Technically, part one of the Literacy Narrative Project was the first major assignment for this course. However, I wanted to devote this section to all three parts of the Literacy Narrative Project, so I could explain why it was such an impactful creative writing assignment for me. When beginning Professor Morgen’s class, I knew I would grow as a writer in various components. From utilizing technologies and illustrations to analyzing and evaluating student and teacher feedback, I realized what it takes to make every piece of writing unique and full of purpose. When writing My Literacy Narrative, I selected a topic that was quite personal. As I sat down with Professor Morgen to discuss the first draft, he expressed great interest in my topic and offered suggestions that could improve my work. We discussed a range of ideas from including a more specific conflict to highlighting the emotional factors of the situation. He also told me that by creating the cartoon for my narrative, I will truly figure out what was missing. I was missing conflict. I did not recognize the importance of including conflict in my essay till I completed the first draft of my Literacy Narrative Comic. Illustrating my narrative allowed me to visualize each scene. As I illustrated panel by panel, I noticed the gaps in my story. I was able to fill these gaps with a culmination of my own ideas along with the ideas of my peers and Professor Morgen. When I mentioned to Professor Morgen that I wanted to rhyme the dialogue of my comic, he was very encouraging. He has been encouraging through all parts of this assignment. I was able to use his encouragement to motivate myself to create the most effective piece of writing and effective comic. This project taught and showed me how “practice makes perfect,” and that I should never be afraid to be creative. I believe I achieved all of the learning outcomes for this three-part project. This ranges from completing multiple revisions and drafts of both my alphabetical narrative and comic to seeking, incorporating, analyzing, synthesizing, and evaluating the feedback of my peers and professor.

Before moving into my learning analysis of the next major assignment, I had to mention how I have discovered illustrations to be helpful with my other courses. This is similar to how they were helpful with noticing the lack of conflict in my literacy narrative. I have started incorporating illustrations in my notes for classes, such as Economics and Sociology. For these content heavy courses, I was always struggling on how to remember certain pieces of information. However, once completing one of the first Sunday Sketches titled, “Visual Note Taking,” I realized that using visualization strategies could be beneficial. To quote directly from the reflection I wrote for this assignment, I stated, “…I used arrows to connect the main word, “Sociology,” with the other sub-topics, and then connected the sub-topics with their main points. While that may sound quite confusing, the visual notes have already reduced the amount of confusion I had towards this material.” With my final exams approaching, I have at least 2-3 illustrations (pictures and charts) on my Economics and Sociology study guides to assist with my memorization and understanding of the content. Through constructing these diagrams, I also noticed information from the study guide that I was missing in my review.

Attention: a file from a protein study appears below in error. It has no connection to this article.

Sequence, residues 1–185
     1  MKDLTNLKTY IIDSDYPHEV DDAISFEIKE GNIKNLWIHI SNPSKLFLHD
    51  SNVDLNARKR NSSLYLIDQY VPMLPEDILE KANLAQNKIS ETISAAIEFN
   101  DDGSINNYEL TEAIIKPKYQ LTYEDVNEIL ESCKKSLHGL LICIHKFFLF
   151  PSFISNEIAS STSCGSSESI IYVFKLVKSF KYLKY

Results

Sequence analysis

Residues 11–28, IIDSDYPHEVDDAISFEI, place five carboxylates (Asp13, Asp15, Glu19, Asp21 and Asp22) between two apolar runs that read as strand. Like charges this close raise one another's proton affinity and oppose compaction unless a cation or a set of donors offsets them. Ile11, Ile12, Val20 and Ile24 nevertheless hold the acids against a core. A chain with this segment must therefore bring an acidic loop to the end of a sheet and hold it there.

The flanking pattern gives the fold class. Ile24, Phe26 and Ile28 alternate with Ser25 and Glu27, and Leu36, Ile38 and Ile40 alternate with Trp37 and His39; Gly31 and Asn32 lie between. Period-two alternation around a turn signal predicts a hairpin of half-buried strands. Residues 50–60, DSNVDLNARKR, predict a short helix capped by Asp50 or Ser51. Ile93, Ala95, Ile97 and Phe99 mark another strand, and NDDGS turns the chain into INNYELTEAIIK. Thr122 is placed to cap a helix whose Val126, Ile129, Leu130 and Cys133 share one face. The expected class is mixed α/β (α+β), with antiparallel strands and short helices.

I consider the Comparing Stitches and Spinning Major Project and Mapping Climate Changed Project to be my weakest points for this course. However, they both provided a very effective learning experience. Stitches and Spinning were two traumatic graphic memoirs with very meaningful storylines. Quoting directly from my comparison essay, I stated, “While David’s story (Stitches) exemplifies the struggle of health and family, Tillie’s story (Spinning) focuses on the struggle of dealing with the pressure to perform and being someone that she isn’t. They share an obstacle that can best be summarized by the phrase, ‘the struggle within oneself.’ Their goal is to discover freedom.” I was pleased with the comparative analysis I made above between the themes of the two memoirs. Unfortunately, I felt that I struggled to bring it all together in my final Stitches and Spinning Comparison Essay. When conferencing with Professor Morgen, I remember telling him that I was not pleased with how I conveyed my ideas regarding both stories. I wasn’t surprised when he responded with very encouraging feedback, such as emphasizing the strong content and quotes that I have already incorporated into my piece. The mistakes came in the introduction and with a specific clarification that needed to be made in the body paragraphs. To be more specific, the clarification was related to the element of unspeakability that was highlighted in the graphic memoirs. In the first version of my essay, I stated that neither of the authors were able to express their emotions and thoughts due to their respective hardships. However, Professor Morgen insisted that by conducting a visual analysis, I will notice that their narratives are their voice. For David Small, his voice was Stitches, while Spinning was the voice of Tillie Walden. This discovery, with the assistance of Professor Morgen, helped me see a whole new perspective of my essay. I decided to set up an argument by including the revised sentences, “Small tells his story through the lens of unspeakability. However, one may argue that Small voiced his emotions through the text. I agree that the dialogue is his voice, but my perspective on the idea of unspeakability focuses on David Small’s family life.” The inclusion of the argumentative statement towards the end allows me to continue with my comparison without stating any factually incorrect information. Once again, the learning process for this assignment emphasized the learning outcomes of analyzing the ideas of peers/teachers, demonstrating visual thinking strategies, and continued revisions.